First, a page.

Russia’s Su-34 Fighter Bomber Annihilates Entire Air Defense Post Of Ukraine’s S-300PS With Guided Munitions

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A Russian Sukhoi Su-34 fighter-bomber destroyed an entire Ukrainian air defense detachment by firing an air-to-ground guided missile at Zeleny Gai in southern Ukraine, according to the Russian Ministry of Defense (RuMoD).

 

“A command and control post, a radar station, and two launchers of the S-300PS,” surface-to-air missile (SAM) system were destroyed in the hit, the RuMoD said.

 

The destruction of an entire battery severely degrades the local air defense in a 75-kilometer radius. It represents Ukraine’s depleting Soviet-era SAM platforms and rapidly expanding Western-origin systems, which European NATO countries and the US replenish every other month in fresh arms packages.

 

The destruction comes when the Ukrainian counteroffensive has primarily been assessed to have failed and produced no significant strategic results. However, Russia, too, doesn’t seem keen to undertake any sizeable offensive action.

 

Russia has been degrading Ukrainian manpower and military equipment by exploiting its strong defense industry that has comfortably replenished all its lost military wares. It also strengthens its rear to the fullest extent possible by training around 300,000 extra men, videos released by the RuMoD showed, and beefing up its defenses.

 

Thus, Russia seems prepared to negate any enemy breakthrough under any conceivable scenario. This only suggests the Russian military plans one big swoop offensive by exhaustively strengthening its rear.

 

RuMoD Video Shows S-300PS Destruction

According to the video released by the RuMoD, a patch of rectangular land on a large open field can be seen as hosting some encampment and radar on a mount, which can be assumed to be part of the S-300PS system.

 

The video, presumably recorded by an overhead drone, shows the detachment from directly above and from a side angle, with two missiles hitting it one after the other.

 

A small white-colored streak assumed to be the guided AGM can be seen hitting another part of the air defense detachment in the second strike, coming at it from a slight angle. This hit leads to an enormous explosion, which suggests a weapon cache, fuel storage, or spare missiles for the launchers were hit.

 

The accompanying RuMoD statement said: “The Armed Forces of Ukraine (AFU) air defense positional area was detected and destroyed by Su-34 fighter bombers of the Russian Aerospace Forces with precision strikes using guided missiles.”

 

It is unclear how the S-300PS is not firing upon the Unmanned Aerial Vehicle (UAV). This could have two explanations. One, the UAV operators have identified a gap in the radar’s coverage to coordinate with the Su-34 possibly.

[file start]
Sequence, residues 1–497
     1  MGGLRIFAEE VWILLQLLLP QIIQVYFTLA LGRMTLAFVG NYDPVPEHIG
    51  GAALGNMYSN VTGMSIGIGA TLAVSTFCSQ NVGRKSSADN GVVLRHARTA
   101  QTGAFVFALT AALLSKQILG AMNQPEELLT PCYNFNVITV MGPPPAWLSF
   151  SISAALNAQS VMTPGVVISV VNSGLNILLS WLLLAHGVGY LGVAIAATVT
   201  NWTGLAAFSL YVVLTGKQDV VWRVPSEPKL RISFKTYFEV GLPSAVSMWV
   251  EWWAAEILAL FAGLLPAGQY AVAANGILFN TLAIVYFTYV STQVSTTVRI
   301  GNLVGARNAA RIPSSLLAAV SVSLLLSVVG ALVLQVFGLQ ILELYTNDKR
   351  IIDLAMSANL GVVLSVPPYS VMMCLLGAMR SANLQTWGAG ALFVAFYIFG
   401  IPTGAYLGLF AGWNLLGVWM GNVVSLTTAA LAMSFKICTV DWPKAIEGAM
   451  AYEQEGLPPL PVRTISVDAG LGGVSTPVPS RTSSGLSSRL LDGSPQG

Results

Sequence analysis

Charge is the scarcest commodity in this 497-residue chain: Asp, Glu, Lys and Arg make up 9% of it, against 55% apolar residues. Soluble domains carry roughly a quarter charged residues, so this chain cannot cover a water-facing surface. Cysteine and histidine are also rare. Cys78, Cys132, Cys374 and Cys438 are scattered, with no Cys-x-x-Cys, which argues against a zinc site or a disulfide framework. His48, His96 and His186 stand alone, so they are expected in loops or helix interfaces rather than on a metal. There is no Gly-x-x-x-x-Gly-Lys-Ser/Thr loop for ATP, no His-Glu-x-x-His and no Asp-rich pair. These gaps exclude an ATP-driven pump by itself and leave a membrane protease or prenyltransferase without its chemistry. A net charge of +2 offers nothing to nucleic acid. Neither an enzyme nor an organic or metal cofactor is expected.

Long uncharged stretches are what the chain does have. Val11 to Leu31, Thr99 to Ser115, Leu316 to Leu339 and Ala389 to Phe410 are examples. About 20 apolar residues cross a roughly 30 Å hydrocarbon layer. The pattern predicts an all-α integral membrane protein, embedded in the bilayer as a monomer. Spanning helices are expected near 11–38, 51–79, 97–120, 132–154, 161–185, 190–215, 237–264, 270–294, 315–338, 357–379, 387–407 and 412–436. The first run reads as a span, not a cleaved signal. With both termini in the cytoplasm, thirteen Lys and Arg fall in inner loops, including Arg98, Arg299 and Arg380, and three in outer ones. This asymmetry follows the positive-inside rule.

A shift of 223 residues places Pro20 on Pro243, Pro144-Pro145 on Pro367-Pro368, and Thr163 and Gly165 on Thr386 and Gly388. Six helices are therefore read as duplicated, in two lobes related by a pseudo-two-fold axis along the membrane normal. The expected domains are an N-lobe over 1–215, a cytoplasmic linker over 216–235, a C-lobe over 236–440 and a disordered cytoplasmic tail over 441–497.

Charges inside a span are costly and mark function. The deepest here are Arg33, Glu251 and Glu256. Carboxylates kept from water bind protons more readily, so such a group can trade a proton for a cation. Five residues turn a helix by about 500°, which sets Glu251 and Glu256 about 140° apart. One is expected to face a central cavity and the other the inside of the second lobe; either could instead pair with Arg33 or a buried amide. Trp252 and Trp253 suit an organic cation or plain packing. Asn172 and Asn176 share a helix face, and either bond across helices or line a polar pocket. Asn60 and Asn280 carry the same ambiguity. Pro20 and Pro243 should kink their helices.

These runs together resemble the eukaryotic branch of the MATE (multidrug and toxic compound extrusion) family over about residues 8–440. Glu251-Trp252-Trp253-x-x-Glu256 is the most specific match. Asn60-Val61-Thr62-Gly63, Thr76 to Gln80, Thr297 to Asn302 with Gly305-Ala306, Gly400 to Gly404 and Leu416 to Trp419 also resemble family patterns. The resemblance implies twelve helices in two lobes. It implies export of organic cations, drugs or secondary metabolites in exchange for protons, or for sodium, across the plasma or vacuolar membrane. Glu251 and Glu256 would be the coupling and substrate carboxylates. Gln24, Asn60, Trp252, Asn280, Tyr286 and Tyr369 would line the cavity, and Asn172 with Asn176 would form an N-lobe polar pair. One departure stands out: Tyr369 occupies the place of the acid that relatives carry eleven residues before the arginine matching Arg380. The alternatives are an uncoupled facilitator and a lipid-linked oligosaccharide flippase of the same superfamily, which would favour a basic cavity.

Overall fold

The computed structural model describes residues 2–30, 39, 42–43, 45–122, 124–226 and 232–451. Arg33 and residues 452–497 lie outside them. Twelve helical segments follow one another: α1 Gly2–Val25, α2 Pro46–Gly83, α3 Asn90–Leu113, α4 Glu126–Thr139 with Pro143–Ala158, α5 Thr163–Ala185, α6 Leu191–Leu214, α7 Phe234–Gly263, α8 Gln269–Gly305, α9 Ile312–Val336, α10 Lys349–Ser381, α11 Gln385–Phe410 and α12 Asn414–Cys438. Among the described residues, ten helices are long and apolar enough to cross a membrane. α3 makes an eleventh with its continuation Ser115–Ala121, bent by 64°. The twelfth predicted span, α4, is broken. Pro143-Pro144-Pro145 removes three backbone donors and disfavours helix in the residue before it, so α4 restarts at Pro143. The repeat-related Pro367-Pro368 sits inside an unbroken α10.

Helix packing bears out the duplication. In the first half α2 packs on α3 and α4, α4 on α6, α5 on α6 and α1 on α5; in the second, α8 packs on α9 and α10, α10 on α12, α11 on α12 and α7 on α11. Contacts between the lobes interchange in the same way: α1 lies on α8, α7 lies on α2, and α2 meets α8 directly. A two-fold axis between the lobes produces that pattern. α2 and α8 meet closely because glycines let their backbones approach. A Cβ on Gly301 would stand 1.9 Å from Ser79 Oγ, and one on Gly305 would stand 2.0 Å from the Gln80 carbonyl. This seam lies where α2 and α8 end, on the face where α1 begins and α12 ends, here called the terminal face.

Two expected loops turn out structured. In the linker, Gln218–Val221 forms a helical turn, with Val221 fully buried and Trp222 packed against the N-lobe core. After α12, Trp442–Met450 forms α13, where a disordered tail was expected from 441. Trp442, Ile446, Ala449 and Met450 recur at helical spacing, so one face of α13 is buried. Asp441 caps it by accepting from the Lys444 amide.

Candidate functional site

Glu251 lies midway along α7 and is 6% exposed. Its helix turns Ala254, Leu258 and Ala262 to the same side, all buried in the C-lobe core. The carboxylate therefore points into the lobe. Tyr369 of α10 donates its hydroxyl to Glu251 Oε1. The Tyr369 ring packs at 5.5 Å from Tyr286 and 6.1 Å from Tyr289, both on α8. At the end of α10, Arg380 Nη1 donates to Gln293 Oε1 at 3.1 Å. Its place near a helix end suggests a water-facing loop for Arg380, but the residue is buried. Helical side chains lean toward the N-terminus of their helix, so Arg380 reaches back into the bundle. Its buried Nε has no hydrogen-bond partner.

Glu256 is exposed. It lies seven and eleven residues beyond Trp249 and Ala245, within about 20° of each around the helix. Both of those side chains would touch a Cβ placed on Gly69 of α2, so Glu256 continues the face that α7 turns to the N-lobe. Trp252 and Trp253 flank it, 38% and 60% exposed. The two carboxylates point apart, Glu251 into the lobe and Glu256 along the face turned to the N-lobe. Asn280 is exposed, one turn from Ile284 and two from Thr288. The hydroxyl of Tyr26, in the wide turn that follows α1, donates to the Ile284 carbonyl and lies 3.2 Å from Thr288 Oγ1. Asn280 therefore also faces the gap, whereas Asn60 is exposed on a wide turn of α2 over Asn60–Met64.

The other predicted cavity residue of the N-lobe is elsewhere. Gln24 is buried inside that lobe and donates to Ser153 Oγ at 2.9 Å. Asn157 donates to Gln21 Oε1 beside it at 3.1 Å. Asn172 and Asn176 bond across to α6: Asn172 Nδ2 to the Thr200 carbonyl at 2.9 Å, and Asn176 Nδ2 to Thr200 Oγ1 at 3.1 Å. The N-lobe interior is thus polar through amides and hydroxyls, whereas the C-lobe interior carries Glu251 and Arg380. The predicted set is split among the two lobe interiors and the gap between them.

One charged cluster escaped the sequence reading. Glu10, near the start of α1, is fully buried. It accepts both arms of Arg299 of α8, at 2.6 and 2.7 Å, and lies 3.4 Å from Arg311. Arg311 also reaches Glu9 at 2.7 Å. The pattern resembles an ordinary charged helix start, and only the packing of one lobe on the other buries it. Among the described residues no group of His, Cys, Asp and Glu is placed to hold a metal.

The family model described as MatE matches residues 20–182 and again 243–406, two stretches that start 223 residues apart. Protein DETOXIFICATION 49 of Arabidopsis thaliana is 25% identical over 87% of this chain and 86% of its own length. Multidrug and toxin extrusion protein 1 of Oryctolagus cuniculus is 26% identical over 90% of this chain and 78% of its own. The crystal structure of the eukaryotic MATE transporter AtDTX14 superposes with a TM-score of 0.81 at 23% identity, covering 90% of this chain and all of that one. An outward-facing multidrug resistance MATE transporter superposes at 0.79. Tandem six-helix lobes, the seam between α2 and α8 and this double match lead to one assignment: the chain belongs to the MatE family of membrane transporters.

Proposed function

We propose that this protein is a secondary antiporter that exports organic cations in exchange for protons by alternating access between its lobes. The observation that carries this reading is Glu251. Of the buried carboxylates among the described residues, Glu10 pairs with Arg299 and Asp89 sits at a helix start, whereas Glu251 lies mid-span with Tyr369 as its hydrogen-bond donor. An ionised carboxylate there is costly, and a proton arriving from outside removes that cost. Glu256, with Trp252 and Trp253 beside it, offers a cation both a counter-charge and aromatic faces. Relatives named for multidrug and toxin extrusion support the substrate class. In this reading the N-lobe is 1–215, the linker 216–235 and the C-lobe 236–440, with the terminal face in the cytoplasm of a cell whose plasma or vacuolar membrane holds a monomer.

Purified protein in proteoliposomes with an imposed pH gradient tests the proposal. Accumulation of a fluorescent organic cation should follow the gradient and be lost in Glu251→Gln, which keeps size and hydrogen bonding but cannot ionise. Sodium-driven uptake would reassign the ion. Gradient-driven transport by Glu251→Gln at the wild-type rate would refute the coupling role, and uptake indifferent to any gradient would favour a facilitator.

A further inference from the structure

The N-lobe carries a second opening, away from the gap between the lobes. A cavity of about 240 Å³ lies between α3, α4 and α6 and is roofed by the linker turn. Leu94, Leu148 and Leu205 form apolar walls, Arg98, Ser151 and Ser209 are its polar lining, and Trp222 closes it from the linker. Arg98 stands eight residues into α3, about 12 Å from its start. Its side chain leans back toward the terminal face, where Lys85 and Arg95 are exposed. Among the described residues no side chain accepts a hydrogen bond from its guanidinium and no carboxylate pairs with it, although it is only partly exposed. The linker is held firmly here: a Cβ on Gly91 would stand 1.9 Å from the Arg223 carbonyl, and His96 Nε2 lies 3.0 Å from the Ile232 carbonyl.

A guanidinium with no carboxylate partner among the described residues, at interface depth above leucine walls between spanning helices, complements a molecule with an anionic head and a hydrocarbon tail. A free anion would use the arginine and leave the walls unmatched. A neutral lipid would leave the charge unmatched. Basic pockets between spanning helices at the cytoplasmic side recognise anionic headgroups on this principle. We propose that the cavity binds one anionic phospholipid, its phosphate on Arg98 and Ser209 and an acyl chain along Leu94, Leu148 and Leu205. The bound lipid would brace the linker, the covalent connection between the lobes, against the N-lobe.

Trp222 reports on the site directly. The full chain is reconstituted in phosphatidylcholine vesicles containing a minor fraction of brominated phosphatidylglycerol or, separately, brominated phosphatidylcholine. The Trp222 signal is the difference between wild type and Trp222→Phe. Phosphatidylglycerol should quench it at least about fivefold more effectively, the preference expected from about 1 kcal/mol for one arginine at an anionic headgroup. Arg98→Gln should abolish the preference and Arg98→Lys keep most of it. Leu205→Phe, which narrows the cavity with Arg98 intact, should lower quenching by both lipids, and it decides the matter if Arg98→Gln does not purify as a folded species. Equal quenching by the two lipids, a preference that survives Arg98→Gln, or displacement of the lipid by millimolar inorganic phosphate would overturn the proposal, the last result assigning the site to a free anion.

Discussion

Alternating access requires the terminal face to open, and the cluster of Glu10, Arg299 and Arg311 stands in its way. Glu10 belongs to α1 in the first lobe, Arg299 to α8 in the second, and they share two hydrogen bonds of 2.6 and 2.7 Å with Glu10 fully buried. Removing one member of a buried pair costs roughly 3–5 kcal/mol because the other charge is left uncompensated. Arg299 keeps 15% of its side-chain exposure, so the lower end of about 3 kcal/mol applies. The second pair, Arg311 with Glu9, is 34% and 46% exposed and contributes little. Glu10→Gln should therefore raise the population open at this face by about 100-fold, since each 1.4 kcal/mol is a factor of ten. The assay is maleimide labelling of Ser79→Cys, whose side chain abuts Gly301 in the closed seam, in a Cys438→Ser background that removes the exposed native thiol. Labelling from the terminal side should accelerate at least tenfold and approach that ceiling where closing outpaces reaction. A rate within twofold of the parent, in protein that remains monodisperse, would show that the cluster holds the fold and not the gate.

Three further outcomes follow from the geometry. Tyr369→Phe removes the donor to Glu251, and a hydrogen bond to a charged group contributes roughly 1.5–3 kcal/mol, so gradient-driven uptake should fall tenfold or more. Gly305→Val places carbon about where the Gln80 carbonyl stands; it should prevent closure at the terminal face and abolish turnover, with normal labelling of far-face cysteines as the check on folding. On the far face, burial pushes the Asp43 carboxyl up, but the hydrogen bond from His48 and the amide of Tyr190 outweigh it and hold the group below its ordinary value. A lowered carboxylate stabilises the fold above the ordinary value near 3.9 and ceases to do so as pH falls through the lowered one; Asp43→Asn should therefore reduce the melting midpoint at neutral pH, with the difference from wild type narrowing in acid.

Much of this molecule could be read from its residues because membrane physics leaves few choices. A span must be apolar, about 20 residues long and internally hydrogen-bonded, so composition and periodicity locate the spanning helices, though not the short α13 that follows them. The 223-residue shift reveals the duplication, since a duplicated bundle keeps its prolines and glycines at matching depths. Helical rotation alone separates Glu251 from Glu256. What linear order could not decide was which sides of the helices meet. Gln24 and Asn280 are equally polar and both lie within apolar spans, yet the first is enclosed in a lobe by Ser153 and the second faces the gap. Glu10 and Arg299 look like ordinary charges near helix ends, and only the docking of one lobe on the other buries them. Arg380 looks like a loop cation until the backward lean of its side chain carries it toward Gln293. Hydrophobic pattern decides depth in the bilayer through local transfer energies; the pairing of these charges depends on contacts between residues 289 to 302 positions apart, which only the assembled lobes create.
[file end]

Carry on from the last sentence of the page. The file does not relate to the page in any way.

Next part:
Second, the Ukrainian operators could have deliberately turned off the radar, anticipating being tracked by Russian Electronic Intelligence (ELINT), which might invite anti-radiation Suppression of Enemy Air Defense/Destruction of Enemy Air Defense (SEAD/DEAD) strikes from a Kh-31 anti-radiation missile.

 

Previous Hit on Ukraine’s S-300PS SAM

Interestingly, another entire air defense battery was also destroyed by Russian AGMs in the same region in the middle of this month, according to a video released by the RuMoD that also went around on social media handles on August 14.

 

That video showed a similar patch of land being recorded by a drone. Two tele-erector launchers (TEL) with canisters releasing the missiles can be seen. Three explosions subsequently occurred quickly, meaning three AGMs hit the area one after the other.

 

The third strike leads to an object taking off. This can be assumed to be the missile being hit and its rocket motor being triggered, causing it to be released in an unguided, wasted launch. Another post, having a slightly longer version of the same video, claims that what was destroyed includes two launchers that hold the 5P85S/D missile and a 5B63S engagement radar of the S-300PS.

 

Russian Air Force’s Backbone for Standoff Strikes

The Su-34 has featured prominently in RuMoD updates over the last month, exploiting its full ground attack capability in hitting tactical Ukrainian land targets. These include “manpower concentrations,” “temporary deployment points,” “ammunition depots,” and “AFU reserve concentrations” by carrying out “missile and bombing strikes” with “guided munitions.”

 

The Su-34 is the mainstay of the Russian Air Force’s battlefield standoff strike roles that employ long-range munitions without entering within the range of the capable air defense systems. On June 1, the RuAF received a fresh batch of Su-34s from the United Aircraft Corporation (UAC).

 

Based on the Sukhoi Su-27 Flanker air superiority fighter, the aircraft is designed for aerial warfare and bombing missions. Sophisticated, multi-mode phased array radar with terrain following and avoidance capabilities has been fitted to the Su-34’s nose section.

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